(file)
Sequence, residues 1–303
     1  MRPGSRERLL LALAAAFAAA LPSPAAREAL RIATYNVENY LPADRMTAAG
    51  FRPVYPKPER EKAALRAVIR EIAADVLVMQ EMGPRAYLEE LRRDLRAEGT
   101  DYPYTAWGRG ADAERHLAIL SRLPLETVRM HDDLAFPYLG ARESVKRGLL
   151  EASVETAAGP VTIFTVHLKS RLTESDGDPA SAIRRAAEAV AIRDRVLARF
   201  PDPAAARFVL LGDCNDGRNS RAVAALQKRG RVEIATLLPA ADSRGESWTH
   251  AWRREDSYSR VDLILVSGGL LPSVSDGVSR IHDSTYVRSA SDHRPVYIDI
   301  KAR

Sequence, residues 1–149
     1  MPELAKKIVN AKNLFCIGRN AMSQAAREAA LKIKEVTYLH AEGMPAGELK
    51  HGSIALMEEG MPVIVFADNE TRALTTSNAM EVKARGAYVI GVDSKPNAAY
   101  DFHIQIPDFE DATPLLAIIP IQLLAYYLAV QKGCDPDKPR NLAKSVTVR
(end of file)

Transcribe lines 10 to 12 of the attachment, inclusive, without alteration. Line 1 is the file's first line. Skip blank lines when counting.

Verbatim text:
     1  MPELAKKIVN AKNLFCIGRN AMSQAAREAA LKIKEVTYLH AEGMPAGELK
    51  HGSIALMEEG MPVIVFADNE TRALTTSNAM EVKARGAYVI GVDSKPNAAY
   101  DFHIQIPDFE DATPLLAIIP IQLLAYYLAV QKGCDPDKPR NLAKSVTVR